Law Firm Is Not Sufficiently Distinct from 3 of Its Partners to Constitute RICO Enterprise — Firm’s Activities Limited to Conducting Customary Legal Business

From Thomas v. Thompson, 2011 U.S. Dist. LEXIS 5600 (N.D. Miss. Jan. 20, 2011):

The enterprise must be "an entity separate and apart from the pattern of activity in which it engages." *** "Moreover, plaintiffs must plead specific facts, not mere conclusory allegations, which establish the enterprise." ***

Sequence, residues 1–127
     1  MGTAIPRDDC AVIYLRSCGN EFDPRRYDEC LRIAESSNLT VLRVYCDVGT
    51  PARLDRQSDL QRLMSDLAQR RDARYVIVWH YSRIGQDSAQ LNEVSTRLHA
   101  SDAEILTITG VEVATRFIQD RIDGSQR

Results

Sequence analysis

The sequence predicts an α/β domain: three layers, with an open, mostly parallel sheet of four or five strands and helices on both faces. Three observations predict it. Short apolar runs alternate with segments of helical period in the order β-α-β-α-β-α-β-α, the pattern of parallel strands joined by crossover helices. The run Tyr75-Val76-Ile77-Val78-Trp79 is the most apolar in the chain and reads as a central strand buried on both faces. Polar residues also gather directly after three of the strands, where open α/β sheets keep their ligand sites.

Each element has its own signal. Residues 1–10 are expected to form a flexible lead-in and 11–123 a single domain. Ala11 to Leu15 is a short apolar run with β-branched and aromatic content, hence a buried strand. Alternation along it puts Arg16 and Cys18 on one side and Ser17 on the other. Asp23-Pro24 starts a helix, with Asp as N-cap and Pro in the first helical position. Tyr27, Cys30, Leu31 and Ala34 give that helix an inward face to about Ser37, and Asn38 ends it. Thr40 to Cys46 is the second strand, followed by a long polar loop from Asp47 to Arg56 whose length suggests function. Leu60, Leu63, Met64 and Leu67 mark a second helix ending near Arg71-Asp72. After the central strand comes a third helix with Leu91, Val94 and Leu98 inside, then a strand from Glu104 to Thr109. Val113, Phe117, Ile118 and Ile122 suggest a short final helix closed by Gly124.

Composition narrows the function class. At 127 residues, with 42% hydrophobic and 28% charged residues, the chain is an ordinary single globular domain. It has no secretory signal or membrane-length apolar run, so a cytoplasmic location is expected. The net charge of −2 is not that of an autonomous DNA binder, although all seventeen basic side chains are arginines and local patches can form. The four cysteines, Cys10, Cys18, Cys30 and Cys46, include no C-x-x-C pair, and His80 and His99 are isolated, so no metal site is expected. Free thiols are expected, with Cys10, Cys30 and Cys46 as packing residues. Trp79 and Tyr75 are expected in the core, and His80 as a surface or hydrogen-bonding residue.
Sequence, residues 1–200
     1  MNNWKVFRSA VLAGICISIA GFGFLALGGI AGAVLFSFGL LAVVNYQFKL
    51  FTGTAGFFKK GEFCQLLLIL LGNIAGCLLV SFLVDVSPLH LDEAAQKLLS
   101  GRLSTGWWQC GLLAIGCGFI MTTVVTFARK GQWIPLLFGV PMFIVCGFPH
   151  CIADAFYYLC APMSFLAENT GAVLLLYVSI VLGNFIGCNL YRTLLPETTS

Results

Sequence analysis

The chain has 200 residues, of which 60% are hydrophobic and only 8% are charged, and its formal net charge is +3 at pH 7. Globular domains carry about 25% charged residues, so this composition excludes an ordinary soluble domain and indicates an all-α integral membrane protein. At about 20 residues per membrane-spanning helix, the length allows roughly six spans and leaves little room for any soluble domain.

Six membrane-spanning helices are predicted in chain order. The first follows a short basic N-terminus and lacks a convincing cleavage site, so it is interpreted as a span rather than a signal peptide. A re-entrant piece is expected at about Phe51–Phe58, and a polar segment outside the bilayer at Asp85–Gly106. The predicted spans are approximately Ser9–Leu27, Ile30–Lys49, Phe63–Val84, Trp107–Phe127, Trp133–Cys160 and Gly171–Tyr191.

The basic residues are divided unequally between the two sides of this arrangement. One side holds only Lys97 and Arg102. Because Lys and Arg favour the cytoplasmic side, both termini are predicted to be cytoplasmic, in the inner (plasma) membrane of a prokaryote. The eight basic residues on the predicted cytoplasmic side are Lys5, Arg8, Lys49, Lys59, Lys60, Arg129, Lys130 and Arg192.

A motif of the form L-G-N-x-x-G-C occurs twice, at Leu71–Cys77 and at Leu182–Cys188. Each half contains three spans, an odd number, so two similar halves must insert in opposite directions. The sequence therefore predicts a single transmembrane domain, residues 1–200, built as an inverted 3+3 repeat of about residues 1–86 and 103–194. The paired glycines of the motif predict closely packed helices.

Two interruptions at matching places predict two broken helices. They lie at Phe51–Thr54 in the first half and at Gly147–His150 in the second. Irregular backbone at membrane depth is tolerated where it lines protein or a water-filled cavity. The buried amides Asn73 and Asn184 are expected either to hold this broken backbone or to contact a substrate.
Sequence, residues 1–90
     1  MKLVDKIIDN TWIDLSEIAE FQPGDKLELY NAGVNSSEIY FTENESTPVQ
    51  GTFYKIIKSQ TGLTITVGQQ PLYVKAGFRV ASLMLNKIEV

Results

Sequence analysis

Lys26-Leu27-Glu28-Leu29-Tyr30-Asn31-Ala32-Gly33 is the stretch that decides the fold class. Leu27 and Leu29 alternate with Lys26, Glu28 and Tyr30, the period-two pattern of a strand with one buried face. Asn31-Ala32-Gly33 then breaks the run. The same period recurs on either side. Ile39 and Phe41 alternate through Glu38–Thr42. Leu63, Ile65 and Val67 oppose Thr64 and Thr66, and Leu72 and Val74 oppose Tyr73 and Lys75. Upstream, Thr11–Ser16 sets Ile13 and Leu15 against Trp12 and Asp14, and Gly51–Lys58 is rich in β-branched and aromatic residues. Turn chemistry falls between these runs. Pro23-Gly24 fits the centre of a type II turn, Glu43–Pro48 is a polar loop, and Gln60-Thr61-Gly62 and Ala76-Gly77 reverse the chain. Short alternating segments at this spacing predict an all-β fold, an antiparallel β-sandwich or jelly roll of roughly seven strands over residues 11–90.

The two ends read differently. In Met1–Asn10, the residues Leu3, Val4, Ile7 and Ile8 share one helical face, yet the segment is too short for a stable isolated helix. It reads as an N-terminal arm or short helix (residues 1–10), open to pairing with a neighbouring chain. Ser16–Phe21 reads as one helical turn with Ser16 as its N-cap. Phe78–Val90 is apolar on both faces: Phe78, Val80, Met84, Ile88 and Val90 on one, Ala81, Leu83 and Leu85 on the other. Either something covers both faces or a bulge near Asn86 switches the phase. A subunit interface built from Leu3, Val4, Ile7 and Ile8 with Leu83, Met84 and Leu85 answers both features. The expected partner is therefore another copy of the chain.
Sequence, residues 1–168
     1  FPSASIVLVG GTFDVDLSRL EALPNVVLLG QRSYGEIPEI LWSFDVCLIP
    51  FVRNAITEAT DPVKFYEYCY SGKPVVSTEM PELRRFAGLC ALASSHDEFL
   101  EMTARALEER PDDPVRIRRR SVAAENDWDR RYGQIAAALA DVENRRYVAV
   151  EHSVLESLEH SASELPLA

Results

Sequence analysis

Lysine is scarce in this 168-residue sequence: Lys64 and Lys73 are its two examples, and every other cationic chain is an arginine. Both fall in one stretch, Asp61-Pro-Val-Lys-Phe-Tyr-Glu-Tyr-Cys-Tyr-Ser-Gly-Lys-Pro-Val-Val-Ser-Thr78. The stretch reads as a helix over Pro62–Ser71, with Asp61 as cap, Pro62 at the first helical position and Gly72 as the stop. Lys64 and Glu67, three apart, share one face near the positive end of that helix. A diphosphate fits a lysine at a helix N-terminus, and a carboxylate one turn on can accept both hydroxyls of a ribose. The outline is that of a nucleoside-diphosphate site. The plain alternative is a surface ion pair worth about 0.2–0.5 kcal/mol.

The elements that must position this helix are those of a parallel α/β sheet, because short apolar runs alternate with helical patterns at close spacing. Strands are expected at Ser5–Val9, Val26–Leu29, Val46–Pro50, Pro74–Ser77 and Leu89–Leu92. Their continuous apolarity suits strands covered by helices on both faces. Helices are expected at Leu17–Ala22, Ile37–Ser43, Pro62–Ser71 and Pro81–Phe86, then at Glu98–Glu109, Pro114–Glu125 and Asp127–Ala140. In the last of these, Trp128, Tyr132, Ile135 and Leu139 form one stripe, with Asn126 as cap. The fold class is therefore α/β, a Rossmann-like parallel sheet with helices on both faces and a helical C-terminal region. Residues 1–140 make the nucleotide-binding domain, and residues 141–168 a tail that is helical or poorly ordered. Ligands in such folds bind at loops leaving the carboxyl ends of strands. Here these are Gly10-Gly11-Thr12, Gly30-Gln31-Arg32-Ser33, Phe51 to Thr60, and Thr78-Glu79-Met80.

Plaintiff described the enterprise as "a limited liability partnership composed of partner and associate attorneys whose purpose, functioning and course of conduct is to prosecute the claims of their plaintiff clients against various defendants." The record here contains no evidence that the law firm engaged in any activities separate and apart from its normal functions. Plaintiff alleges that the law firm "cloaked" the racketeering activity in the day-to-day functions of a law firm in "prosecuting its clients' case, negotiating settlement, and disbursing proceeds from those settlements." However, Plaintiff attempts to delineate the actions of the law firm under the facts in this case by noting that "Defendants devised a scheme to defraud certain of their clients in order to recover unreimbursed expenses for the enterprise that resulted from other failed litigation." The actions involving the law firm were performed in the course of their regular business. See Atkinson, 808 F.3d at 441 (noting that plaintiffs' mail fraud RICO violation which included mailing of loan statements, was an activity of the bank and thus, not separate and apart from normal functions to constitute an enterprise). Plaintiff wholly failed to establish the existence of any entity separate and apart from the law firm. Thus, there is no enterprise, and Plaintiff cannot sustain the RICO claims against Defendants.

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